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One of the defining aspects of F. Scott Fitzgerald’s first novel, This Side of Paradise, is poetry. The novel, devoted to the boyhood, young manhood, and then manhood proper (which is to say—war, disillusionment, and lost love) of Amory Blaine, traces the evolution of Amory’s sensibility. Since his egotism and conceit are freely acknowledged, Amory is never far from musing about Amory. The narrator, who has a seasoned attitude about human doings and undoings, sees Amory as one of those who is determined to make his mark. What that mark may be is unclear. For all his preening about being special, Amory is one more person who desires to master whatever social milieu that person encounters. Beyond college, and a good deal of the book is devoted to his years at Princeton, he finds himself bound to a world shaped by World War I and the rapid growth of industrial commercialism along with the entertainments that industrialism spawned. Mass society does not so much beckon as give orders.
Poetry is literally another matter. Amory, who acknowledges to himself that he will never be more than a mediocre poet, does, nonetheless, write the stuff. He also reads poetry (Swinburne for example), quotes it, and declaims to a friend “Ode to a Nightingale” as he rides along on a bicycle. The narrator notes that “the bushes” are also the recipient of Amory’s declaiming. Indeed, a certain degree of pastoral is key to the novel as when Amory encounters, while strolling in the Maryland countryside, a young woman who is a sort of intellectual version of La Belle Dame Sans Merci. From her perch on a haystack, she has heard Amory reciting “Ulalume.” Amory has heard her singing a poem by Verlaine: “a strange sound fell on his ears.” Poetry is part of Amory’s being.
Toward the very end of the book Amory walks to Princeton from New York City. He knows he needs to touch base with “the spirit of the past” in order to go forward with his life. One passage here can stand for many in the book: “The afternoon waned from the purging good of three o’clock to the golden beauty of four. Afterward he walked through the dull ache of a setting sun when even the clouds seemed bleeding and at twilight he came to a graveyard. There was a dusky, dreamy smell of flowers and the ghost of a new moon in the sky and shadows everywhere. On an impulse he considered trying to open the door of a rusty iron vault built into the side of a hill; a vault washed clean and covered with late-blooming, weepy watery-blue flowers that might have grown from dead eyes, sticky to the touch with a sickening odor.” And then this sentence immediately following: “Amory wanted to feel ‘William Dayfield, 1864.’” The italics are Fitzgerald’s.
“Romanticism,” we mutter and nod at Poe, Keats, and Verlaine while reaching for the latest contemporary material or spiritual-material nostrum. We might say “poetry,” too, though that is more of a reach since poetry left those large “R” precincts a while ago to engage, as best it could, the modern, machine-made world. The word “feel,” however, sticks in Amory’s craw and sticks in the reader’s, since the foundation of sensibility is feeling. Without sensibility, a person might just as well be an automaton (a fate more and more people, inured as they are to mass technology, seem to welcome). A sensibility requires an education of the senses and the mind, some of which an institution such as college can provide and much that it cannot provide. Meanwhile, the poems are there for anyone to consult.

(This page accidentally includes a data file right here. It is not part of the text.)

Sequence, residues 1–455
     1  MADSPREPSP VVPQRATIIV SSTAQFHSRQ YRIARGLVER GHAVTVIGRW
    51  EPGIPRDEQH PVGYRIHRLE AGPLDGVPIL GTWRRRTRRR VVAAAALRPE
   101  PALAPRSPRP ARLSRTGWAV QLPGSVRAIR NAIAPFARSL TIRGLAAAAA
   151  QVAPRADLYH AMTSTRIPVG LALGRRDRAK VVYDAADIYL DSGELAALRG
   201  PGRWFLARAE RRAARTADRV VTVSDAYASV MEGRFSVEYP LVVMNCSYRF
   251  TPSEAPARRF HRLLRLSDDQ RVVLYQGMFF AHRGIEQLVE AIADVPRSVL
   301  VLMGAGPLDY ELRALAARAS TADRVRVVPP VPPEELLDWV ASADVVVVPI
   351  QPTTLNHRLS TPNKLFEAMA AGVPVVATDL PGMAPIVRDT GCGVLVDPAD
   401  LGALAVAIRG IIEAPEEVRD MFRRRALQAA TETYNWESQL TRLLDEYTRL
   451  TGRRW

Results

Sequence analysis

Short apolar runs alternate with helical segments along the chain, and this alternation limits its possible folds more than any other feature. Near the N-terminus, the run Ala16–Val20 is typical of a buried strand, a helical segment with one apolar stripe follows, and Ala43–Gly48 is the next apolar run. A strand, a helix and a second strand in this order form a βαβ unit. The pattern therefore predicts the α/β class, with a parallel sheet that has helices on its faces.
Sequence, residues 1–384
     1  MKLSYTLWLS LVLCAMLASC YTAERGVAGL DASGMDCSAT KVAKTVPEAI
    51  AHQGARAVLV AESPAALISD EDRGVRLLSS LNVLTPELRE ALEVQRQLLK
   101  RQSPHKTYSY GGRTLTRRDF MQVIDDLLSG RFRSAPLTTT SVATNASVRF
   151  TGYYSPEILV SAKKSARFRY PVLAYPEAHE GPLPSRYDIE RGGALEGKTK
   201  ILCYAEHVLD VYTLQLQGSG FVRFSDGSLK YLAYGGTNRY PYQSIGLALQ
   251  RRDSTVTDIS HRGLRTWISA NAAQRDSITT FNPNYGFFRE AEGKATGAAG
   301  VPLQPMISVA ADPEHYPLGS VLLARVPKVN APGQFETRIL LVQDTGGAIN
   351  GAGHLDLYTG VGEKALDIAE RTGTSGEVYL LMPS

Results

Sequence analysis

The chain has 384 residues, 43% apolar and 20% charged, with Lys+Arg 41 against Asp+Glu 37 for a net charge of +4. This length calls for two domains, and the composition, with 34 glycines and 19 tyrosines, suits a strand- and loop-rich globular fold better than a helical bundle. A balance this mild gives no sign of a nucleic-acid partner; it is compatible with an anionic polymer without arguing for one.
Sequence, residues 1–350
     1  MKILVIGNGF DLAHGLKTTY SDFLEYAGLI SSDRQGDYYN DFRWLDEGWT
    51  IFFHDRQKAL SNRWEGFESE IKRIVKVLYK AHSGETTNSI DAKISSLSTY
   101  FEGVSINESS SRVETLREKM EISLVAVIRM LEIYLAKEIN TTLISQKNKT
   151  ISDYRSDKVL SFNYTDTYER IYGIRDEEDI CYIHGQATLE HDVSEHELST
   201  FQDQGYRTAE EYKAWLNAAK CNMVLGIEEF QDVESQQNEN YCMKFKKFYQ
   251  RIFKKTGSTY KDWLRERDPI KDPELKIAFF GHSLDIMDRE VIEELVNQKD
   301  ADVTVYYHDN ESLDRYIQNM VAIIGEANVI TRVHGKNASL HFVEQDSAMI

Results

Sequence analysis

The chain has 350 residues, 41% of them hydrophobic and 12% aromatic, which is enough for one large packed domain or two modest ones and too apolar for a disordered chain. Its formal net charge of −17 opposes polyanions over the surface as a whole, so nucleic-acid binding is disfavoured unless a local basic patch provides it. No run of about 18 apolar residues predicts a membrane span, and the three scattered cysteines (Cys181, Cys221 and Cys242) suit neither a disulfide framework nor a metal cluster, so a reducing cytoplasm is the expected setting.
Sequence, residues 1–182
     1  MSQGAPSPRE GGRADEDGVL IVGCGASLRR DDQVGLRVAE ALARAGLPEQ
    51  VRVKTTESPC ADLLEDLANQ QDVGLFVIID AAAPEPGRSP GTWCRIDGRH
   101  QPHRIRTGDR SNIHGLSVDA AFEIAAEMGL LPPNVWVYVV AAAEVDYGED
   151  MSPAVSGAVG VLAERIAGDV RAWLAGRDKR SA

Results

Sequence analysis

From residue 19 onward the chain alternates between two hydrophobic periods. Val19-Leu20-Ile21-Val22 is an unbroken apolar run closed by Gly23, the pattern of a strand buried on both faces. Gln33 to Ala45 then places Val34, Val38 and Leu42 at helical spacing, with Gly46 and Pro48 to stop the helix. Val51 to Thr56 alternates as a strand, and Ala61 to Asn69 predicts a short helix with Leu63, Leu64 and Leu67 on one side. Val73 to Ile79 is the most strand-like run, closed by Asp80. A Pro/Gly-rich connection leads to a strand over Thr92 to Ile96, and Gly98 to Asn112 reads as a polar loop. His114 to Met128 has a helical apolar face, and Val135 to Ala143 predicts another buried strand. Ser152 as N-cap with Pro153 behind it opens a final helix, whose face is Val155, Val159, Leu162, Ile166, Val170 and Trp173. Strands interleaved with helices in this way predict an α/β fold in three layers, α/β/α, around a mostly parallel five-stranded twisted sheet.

A belief in the value of poetry is crucial. To Amory, this belief comes naturally. Poetry speaks thrillingly to and for the whole person. Amory wants to be that person—according to his ever-emerging specifications. Those specifications are often shoddy, as he variously comes to admit throughout the book. Poetry, however, is neither shoddy nor glib. Poetry reverberates. When he quotes poetry, he is entering that enchanted realm. Swinburne doesn’t exactly make sense but sense isn’t the point of Swinburne. The evocation, the metered sway of the words, is all, especially to a young person who longs to be under the spell of something like magic, something that speaks to the enormity of youthful yearning, something that is willing to hazard everything on the bet that magic is not just possible but real. Love is real, after all, and love is magic.
Life as it is lived by human beings is far from poetic and yet the poetic quality redeems some of the humdrum, wearying toil and toll of daily commerce, be it economic or social. The poetic speaks to what Keats (an invaluable guide in this regard) referred to as “the holiness of the Heart’s affections and the truth of Imagination.” Fine words and, as Keats well knew, the world had no trouble with leaving it at that. To live those words was another story but it was a story that interested Fitzgerald and the protagonist he created in his novel, for it was a story that connected beauty to life. After reciting Keats’s ode to his poet-friend Tom (modeled on the poet John Peale Bishop) Amory declares that “I’ll never be a poet . . . . I’m not enough of a sensualist really; there are only a few obvious things that I notice as primarily beautiful: women, spring evenings, music at night, the sea; I don’t catch the subtle things like ‘silver-snarling trumpets.’” Amory is quoting Keats again (from “The Eve of St. Agnes”) while acknowledging—even as he counts himself out—that beauty is a crucial dimension of our being. He might have quoted Keats further, for it was Keats who made a point of connecting the dots: “What the imagination seizes as Beauty must be truth.”